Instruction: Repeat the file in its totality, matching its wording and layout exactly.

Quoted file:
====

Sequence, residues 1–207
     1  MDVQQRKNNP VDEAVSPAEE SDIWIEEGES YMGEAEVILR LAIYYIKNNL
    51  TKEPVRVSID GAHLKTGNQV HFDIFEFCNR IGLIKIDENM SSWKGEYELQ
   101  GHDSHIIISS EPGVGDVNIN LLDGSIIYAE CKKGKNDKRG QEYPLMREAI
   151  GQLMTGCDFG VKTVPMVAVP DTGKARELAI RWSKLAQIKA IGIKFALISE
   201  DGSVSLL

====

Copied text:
Sequence, residues 1–207
     1  MDVQQRKNNP VDEAVSPAEE SDIWIEEGES YMGEAEVILR LAIYYIKNNL
    51  TKEPVRVSID GAHLKTGNQV HFDIFEFCNR IGLIKIDENM SSWKGEYELQ
   101  GHDSHIIISS EPGVGDVNIN LLDGSIIYAE CKKGKNDKRG QEYPLMREAI
   151  GQLMTGCDFG VKTVPMVAVP DTGKARELAI RWSKLAQIKA IGIKFALISE
   201  DGSVSLL